Background: There is increasing support of the view that our diet is too calorie dense, with its high animal fat, sugar, and alcohol content. Food processing has helped to create this situation as well as the desire to eat sugar- and fat-rich foods. By examining the influence of these dietary effects on colon cancer, experimental animal studies can help dissect the influences not readily assessable by epidemiological means.
Methods: The Sprague Dawley rat model of colon cancer induced by dimethylhydrazine provides a means of assessing dietary influences with the use of a semipurified diet and varying a single factor at a time. We have examined the influence of Ca vitamin E, protein type, and cereal dietary fiber sources on tumor burden and incidence in rats on a standardized experimental protocol.
Results: A significant interactive effect has been seen with high Ca and low vitamin E intake in protecting rats from tumors. When comparing differing protein sources, whey protein concentrate was found to be very protective relative to red meat and other protein sources. Spent barley grain was also shown to be very protective relative to wheat bran and commercial barley bran.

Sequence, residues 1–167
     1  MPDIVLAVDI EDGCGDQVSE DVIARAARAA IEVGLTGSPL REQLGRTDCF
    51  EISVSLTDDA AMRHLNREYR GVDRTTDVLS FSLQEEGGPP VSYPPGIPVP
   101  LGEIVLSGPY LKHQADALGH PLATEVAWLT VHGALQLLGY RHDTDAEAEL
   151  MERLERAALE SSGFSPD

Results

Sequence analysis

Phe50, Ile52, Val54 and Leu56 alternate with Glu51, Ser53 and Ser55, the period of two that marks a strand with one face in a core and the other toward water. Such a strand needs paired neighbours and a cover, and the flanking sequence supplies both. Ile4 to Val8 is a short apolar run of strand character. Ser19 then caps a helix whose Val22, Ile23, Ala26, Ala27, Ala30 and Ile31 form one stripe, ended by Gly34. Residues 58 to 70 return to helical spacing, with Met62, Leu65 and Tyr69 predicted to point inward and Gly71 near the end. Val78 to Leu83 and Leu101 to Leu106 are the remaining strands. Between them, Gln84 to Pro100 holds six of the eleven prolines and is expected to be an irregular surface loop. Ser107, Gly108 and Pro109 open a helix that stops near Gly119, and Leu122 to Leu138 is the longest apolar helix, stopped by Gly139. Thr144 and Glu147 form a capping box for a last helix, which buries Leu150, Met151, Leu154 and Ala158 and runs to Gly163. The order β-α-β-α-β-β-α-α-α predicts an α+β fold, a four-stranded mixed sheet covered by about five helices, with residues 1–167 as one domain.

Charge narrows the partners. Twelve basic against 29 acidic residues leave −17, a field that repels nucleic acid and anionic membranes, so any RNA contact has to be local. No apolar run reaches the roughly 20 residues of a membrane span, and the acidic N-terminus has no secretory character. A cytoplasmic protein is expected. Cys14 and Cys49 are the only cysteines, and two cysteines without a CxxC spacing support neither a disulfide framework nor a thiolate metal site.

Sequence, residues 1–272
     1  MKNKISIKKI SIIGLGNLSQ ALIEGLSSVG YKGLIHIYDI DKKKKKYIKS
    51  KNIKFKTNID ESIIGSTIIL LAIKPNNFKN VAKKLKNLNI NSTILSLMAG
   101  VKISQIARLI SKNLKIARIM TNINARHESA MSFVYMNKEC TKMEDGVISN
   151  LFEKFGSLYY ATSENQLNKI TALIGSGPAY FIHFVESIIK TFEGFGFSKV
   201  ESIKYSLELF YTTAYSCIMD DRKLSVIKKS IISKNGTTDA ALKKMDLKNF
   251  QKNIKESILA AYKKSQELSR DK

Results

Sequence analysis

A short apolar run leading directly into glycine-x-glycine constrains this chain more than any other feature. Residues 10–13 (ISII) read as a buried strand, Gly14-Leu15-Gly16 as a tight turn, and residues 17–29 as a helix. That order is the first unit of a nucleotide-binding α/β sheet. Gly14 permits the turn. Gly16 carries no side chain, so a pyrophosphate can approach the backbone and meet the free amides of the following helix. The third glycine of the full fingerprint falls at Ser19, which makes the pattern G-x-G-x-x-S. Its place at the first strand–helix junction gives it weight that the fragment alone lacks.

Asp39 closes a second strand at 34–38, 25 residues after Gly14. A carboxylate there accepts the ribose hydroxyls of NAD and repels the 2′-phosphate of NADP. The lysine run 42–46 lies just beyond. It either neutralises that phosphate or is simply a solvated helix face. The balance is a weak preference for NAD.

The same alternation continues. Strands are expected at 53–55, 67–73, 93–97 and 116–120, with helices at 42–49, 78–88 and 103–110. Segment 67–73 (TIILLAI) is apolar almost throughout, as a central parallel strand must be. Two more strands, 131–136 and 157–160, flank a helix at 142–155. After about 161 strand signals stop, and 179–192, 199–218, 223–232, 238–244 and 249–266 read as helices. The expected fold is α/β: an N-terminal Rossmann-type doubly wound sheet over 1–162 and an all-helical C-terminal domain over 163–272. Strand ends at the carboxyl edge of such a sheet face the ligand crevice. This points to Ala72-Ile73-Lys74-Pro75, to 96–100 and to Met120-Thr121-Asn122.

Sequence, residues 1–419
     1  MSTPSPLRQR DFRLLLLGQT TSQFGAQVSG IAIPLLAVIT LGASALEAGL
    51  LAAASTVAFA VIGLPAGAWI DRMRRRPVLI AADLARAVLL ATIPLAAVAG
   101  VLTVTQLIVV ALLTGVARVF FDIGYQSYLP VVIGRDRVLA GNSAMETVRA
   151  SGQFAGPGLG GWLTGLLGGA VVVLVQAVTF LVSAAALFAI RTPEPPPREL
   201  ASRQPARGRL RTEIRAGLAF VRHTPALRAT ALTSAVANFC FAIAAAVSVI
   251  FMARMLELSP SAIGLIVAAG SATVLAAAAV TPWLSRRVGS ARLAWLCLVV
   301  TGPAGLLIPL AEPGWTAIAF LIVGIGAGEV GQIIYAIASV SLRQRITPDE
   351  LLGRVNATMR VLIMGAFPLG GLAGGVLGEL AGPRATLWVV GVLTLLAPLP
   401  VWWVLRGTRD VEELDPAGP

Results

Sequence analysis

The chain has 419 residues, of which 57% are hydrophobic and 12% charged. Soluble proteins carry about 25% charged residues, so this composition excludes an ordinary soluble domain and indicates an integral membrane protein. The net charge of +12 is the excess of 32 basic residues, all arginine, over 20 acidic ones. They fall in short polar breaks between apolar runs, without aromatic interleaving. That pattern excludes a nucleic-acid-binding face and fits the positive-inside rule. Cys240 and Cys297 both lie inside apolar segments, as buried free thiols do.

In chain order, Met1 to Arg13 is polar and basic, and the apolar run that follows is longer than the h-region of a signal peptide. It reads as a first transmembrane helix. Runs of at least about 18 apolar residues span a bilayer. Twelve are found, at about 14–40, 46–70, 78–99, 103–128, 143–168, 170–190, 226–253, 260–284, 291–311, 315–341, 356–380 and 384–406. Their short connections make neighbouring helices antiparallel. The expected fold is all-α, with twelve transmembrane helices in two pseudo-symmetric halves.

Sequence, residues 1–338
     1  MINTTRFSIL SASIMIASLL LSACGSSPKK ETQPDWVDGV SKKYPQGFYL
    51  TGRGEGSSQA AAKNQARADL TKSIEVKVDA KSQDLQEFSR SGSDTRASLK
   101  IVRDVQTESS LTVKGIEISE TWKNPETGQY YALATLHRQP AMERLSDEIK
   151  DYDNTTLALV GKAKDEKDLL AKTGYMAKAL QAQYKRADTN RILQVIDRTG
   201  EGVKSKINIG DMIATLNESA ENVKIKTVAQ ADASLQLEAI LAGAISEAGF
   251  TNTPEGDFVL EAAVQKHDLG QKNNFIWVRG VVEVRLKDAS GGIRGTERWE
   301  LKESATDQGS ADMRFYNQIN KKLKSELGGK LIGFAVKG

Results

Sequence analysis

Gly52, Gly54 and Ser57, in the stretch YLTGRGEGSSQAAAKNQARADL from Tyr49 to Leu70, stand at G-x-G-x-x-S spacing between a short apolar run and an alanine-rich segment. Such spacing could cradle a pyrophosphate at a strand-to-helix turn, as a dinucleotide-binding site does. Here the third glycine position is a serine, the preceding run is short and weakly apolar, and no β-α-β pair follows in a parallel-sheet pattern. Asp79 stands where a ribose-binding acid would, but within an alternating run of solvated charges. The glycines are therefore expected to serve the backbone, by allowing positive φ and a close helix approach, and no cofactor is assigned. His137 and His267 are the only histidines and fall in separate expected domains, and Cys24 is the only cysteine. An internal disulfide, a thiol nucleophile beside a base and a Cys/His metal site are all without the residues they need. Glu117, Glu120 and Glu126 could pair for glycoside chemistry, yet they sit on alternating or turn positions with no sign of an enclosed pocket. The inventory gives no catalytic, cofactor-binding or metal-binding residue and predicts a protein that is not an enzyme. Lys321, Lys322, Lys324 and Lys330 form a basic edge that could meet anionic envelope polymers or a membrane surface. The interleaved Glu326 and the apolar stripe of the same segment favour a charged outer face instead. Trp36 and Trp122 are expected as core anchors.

Conclusions: There are several potentially useful strategies for protection from colon cancer by varying diet composition. Protein sources such as whey protein concentrate, insoluble dietary fiber from barley grain, and high calcium intake seem to be very promising. These need further detailed examination as to whether they can combine to reduce risk further and to understand better the mechanisms responsible for protection. They may provide greater potential than attempts to lower the fat in the human diet.